State House Speaker Pro Tem Paul Stam, an Apex Republican, said Thursday he supports the bond. His district includes some of the fastest-growing areas in Wake that would get new school seats under the bond issue.

Stam said he wanted to make it clear that not all Republicans in Wake are against the bond referendum.

Joking about the school naming fight in Wake County

The controversy over the Wake County school board renaming West Apex High School as Apex Friendship High School made its way into today’s State Board of Education meeting.

It came up because an applicant seeking permission to open in 2014 wants to be called West Charlotte Charter High School. Some state board members were concerned that it might be confusing to parents because there’s an existing school called West Charlotte High School.

As board members talked about requiring the charter applicant to get a name change, State Board Chairman Bill Cobey noted how he had been reading in newspapers about a fight over school names. While he didn’t bring up Wake by name, there was no doubt about what he was discussing.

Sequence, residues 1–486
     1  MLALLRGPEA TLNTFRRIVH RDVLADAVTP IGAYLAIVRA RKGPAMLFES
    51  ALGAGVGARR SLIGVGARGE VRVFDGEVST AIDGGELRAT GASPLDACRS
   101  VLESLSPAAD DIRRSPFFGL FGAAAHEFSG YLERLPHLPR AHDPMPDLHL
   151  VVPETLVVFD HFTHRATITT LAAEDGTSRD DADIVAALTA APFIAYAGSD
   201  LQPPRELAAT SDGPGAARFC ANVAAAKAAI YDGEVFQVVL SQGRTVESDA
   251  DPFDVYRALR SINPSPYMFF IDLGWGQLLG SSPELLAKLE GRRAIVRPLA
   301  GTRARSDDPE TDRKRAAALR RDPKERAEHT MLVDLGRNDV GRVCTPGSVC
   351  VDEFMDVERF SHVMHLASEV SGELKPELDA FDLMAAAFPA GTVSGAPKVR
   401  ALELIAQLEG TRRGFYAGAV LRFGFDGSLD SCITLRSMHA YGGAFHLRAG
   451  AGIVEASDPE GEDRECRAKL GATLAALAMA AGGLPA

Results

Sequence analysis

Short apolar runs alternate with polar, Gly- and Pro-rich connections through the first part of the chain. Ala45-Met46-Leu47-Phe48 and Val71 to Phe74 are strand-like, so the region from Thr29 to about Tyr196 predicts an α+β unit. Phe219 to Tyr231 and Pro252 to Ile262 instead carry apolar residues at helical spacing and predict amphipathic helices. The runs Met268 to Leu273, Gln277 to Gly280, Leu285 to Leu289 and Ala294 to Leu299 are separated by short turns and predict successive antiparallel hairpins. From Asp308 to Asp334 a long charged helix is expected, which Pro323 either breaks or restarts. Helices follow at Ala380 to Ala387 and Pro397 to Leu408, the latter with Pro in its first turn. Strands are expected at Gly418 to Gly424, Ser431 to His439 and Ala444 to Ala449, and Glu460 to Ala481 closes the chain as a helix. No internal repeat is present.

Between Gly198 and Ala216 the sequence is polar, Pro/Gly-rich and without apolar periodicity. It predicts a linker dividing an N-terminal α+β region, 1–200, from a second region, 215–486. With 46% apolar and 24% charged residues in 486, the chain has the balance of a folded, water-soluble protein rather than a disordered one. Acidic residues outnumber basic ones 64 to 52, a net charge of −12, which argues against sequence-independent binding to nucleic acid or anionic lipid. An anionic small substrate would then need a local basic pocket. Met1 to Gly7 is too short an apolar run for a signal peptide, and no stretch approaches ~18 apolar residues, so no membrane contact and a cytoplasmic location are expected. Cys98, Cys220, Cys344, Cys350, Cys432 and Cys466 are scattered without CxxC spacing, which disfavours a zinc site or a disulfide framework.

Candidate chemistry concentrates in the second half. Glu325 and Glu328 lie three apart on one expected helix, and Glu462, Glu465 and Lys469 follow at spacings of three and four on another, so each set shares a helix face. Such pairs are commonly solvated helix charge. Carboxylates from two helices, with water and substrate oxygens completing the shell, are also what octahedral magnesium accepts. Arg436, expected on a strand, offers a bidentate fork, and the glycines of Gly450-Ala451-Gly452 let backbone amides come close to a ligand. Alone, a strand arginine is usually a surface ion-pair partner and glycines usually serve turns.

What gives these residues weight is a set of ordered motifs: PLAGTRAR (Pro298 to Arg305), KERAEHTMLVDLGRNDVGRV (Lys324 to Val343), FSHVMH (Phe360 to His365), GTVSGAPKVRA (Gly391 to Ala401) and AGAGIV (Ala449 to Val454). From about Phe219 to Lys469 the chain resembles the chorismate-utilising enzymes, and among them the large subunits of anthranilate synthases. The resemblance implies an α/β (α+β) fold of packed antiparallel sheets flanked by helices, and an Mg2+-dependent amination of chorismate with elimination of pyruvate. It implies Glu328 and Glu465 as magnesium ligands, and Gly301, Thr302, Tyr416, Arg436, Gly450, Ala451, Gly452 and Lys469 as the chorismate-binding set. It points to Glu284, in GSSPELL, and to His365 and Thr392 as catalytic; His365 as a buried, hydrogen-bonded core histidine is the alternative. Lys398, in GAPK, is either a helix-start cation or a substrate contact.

“Let’s not go to naming schools, please,” Cobey said to laughs from the crowd.

More fallout over heated Wake County schools exchange

The controversy over the heated exchange Thursday between Wake County school board member Jim Martin and state Sen. Neal Hunt isn't going away.

Martin contends he wasn't acting unprofessionally when he confronted Hunt in the hallway of the Legislative Office Building. Martin submitted this letter to the editor to explain the exchange.

In a related matter, Tom Fetzer charges that Martin and school board member Susan Evans acted in a threatening and harassing manner when they confronted Hunt.

Action on Wake County school construction bill not expected until next week

It could be next week before the state House takes up a bill that would allow the commissioners in Wake County and several other counties to take control of school construction.

House Rules Committee Chairman Tim Moore said Tuesday that he's not been asked yet by Sen. Neal Hunt to take up Senate Bill 236. Moore, a Cleveland County Republican, said he doesn't anticipate considering the bill until next week.